Robert Reid-Pharr is a leading scholar of contemporary African-American queer writing. | UNIVERSITY OF BARCELONA
“Clearly, the rumors of the death of the printed book have been greatly exaggerated.”
So said from professor Sarah Chinn, chair of Hunter College’s English Department and a member of the steering committee behind the New York Rainbow Book Fair. Now in its seventh year, the fair itself certainly lends plenty of credence to Chinn’s assertion.
New York’s LGBT writing glitterati will come together again on Saturday, April 18, from noon to 6:00 p.m. for this year’s edition of the book fair at the Holiday Inn Midtown.
Chinn said that about 100 exhibitors will be at the fair, covering “the whole gamut of queer publishing,” from tiny self-publishers to some of New York’s biggest publishing houses, including Penguin Random House.
If last year’s event is a guide, up to 1,500 people will turn out for the fair, and Chinn said this month’s event seems hotly anticipated.
Erotica writer D.L. King at last year’s Rainbow Book Fair. | MICHAEL LUONGO
“Exhibitors started signing up for tables in November, and by mid-March we were already nearly sold out,” she said. “That’s a first for us — we usually sell all our tables, but registrations come in until the very last minute. We’re realizing that the Rainbow Book Fair is now an institution, an event that writers and publishers put on their calendar.”
One notable trend Chinn pointed to is the expansion of trans-specific presses at the fair.
“Topside Press has been with us for a few years, and it’s great to see two others, Transgress Press and Trans Genre Press, as well as a number of trans authors,” she said.
Beyond the offerings at the tables, the fair is renowned for its panel presentations. In an era of few gay bookstores, they are a way for LGBT book fans to hear their favorite authors, critics, and industry professionals.
Mitch Kellaway (right), the publisher of Transgress Press, with his brother Owen at last year's Rainbow Book Fair. | MICHAEL LUONGO
“The most exciting queer literary talent is part of this year’s fair,” Chinn said. “Our panel on queer black writing in the 1980s includes the legendary poet and activist Cheryl Clarke, Steven Fullwood, whose Vintage Entity Press recently published ‘Black Gay Genius,’ a collection of essays inspired by the legacy of Joseph Beam, and Robert Reid-Pharr, a leading scholar of contemporary African-American queer writing.”
Chinn added, “I’m especially looking forward to the panel on LGBT Jewish writers. The panel ranges across several queer generations, from Martha Shelley and Perry Brass, original Gay Liberation activists, to Donna Minkowitz, who has been an important cultural critic since the early 1990s, to veteran erotica writer D.L. King and the emerging poets Michael Broder and Jason Schneiderman.” Minkowitz is the new Morsels columnist for Gay City News.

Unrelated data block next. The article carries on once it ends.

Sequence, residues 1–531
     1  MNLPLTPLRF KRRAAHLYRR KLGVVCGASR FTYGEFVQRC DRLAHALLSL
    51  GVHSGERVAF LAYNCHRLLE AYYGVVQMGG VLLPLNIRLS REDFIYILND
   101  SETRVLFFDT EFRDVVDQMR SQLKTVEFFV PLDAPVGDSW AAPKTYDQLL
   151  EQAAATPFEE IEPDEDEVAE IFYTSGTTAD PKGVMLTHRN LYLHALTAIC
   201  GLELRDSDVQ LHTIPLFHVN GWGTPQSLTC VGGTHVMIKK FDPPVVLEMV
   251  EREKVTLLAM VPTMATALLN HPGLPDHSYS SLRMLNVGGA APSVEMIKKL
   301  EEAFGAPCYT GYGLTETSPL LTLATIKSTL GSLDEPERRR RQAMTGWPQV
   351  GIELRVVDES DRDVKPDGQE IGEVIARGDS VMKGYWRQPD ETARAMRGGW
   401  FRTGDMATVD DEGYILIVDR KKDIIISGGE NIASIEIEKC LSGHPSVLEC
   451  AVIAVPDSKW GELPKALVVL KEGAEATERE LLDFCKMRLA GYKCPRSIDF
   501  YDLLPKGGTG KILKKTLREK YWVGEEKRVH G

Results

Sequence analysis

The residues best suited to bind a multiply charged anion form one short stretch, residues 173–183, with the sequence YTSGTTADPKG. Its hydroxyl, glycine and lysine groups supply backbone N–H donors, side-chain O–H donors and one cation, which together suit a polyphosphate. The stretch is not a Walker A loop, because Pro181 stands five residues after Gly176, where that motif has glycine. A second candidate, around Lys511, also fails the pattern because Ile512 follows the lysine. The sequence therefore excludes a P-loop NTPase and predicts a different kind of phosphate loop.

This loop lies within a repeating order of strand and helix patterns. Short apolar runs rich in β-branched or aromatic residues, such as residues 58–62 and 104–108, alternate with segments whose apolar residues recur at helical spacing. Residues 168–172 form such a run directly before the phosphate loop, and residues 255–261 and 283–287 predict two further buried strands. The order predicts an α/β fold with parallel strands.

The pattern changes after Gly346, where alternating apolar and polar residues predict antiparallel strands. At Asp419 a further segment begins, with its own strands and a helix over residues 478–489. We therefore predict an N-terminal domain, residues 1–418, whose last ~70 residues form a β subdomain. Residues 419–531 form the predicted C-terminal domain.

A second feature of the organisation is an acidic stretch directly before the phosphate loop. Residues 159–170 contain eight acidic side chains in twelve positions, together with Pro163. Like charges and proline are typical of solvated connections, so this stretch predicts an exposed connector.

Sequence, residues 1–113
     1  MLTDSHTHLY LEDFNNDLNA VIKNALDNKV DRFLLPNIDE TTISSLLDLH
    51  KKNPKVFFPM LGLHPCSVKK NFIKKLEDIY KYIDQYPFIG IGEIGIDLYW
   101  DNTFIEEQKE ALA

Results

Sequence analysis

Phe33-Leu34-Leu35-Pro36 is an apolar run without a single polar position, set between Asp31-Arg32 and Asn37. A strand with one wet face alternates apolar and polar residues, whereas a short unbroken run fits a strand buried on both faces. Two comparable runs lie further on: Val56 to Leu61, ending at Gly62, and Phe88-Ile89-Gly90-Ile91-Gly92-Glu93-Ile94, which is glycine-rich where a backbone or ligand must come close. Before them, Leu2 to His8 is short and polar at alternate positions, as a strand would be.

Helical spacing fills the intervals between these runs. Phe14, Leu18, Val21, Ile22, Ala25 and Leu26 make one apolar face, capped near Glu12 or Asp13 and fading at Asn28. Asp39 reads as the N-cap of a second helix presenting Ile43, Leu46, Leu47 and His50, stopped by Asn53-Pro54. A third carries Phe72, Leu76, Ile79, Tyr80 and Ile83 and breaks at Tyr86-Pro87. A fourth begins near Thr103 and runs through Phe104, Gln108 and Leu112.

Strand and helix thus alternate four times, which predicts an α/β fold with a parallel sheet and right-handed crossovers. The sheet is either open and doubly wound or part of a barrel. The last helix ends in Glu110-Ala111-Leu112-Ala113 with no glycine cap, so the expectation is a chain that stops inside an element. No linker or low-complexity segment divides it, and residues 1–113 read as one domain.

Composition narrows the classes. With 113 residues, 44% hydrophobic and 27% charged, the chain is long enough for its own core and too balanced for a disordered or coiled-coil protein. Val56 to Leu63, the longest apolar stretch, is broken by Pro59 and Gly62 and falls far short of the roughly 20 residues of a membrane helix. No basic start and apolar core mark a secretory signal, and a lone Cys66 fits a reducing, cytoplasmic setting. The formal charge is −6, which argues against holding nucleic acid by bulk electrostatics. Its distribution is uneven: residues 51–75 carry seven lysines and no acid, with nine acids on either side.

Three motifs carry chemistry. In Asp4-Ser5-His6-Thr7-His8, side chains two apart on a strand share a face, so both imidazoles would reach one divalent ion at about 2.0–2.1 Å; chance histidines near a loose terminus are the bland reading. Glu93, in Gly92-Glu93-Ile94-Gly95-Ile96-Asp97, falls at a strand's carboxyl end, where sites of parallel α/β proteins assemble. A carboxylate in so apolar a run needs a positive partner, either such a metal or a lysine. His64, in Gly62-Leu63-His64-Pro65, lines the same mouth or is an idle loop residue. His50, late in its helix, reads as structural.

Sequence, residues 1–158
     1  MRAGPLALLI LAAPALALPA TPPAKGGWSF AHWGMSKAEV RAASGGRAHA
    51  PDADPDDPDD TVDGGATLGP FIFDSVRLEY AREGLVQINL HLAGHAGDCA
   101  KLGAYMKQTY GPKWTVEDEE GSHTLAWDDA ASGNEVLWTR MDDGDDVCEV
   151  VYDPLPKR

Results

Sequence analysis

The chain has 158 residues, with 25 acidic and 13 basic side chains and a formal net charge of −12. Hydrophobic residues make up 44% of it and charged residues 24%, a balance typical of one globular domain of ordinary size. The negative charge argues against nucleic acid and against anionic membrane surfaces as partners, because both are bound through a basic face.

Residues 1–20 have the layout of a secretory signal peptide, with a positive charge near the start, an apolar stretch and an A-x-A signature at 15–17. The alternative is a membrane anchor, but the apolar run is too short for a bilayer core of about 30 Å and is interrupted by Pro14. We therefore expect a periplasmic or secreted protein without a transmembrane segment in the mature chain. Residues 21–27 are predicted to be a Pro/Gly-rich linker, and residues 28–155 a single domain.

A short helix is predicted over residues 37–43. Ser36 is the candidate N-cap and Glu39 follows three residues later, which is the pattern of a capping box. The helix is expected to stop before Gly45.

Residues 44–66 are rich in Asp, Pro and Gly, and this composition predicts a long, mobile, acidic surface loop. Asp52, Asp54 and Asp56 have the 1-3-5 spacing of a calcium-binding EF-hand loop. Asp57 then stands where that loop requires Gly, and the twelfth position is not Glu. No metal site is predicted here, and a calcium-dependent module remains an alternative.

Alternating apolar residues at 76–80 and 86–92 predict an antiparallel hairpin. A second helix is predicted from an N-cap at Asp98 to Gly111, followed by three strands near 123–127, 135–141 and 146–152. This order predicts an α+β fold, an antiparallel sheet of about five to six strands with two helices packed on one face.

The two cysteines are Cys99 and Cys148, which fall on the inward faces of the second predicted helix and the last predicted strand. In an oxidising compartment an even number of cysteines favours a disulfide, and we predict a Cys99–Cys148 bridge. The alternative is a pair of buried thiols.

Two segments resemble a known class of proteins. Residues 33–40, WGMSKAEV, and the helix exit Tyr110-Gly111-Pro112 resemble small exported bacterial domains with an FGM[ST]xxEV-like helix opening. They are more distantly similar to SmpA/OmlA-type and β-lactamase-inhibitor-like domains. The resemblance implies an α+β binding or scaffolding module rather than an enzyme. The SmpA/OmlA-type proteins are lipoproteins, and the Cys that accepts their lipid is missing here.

Eileen Myles, whom Rainbow Book Fair steering committee member Sarah Chinn calls “the doyenne of lesbian poetry.” | ALICE O’MALLEY/ EILEENMYLES.COM
Longtime author Brass is also on the Rainbow Book Fair steering committee. He pointed in particular to a biography and memoir panel that he said “features Brad Gooch, who’s written biographies of Frank O’Hara and Flannery O’Connor, and is an old friend of the fair,” and the author of a new memoir. Others on that panel will include David Margolick, the author of “Dreadful, The Short Life and Gay Times of John Horne Burns,” which details the life of the once famous author of the World War Two classic “The Gallery”; TV stand-up comedian Jamie Brickhouse, who is coming out with a memoir soon; and Iraq war veteran Rob Smith, author of “Closets, Combat, and Coming Out: Coming of Age as a Gay Man in the ‘Don’t Ask, Don’t Tell’ Army.” David Carter, author of “Stonewall: The Riots That Sparked the Gay Revolution,” will moderate.
Other important writers who will be on panels and presenting at tables include Kelly Cogswell, author of “Eating Fire: My Life as a Lesbian Avenger,” and Buzzfeed’s literary editor Saeed Jones, author of “Prelude to Bruise.” Cogswell writes the Dyke Abroad column at Gay City News, for which she placed second in the Best Column category at last month’s New York Press Association Better Newspaper Contest.
Eileen Myles, whom Chinn called “the doyenne of lesbian poetry,” will be reading in the Come Hear! Poetry Salon portion of the Fair, curated by Nathaniel Siegel and Regie Cabico.
Rob Smith, author of “Closets, Combat, and Coming Out: Coming of Age as a Gay Man in the ‘Don’t Ask, Don’t Tell’ Army,” at last June’s LGBT Pride Rally in Manhattan. | DONNA ACETO
“I’m really excited about our featured readers,” Chinn said. “I’ve known Kelly Cogswell since we were Lesbian Avengers together, and her memoir of those years, ‘Eating Fire,’ is a spot-on representation of those thrilling days. I love Mark Doty and Saeed Jones’ poetry, so that’s going to be a real treat.”
The fair is also becoming a worldwide event, according to Chinn, herself a Brit. There will be a German LGBT publisher, Ylva Publishing, and two London-based authors, Teodora Kostova and Rhys Christopher Ethan.
“The Rainbow Book Fair is getting an international profile,” she said. Chin has hopes that one day in the near future Rainbow becomes something akin to an LGBT version of the Frankfurt Book Fair, the largest and most geographically diverse book fair in the world.
SEVENTH ANNUAL NEW YORK RAINBOW BOOK FAIR | Holiday Inn Midtown, 440 W. 57th St. | Apr. 18, noon-6 p.m. | Suggested donation is $3 | rainbowbookfair.org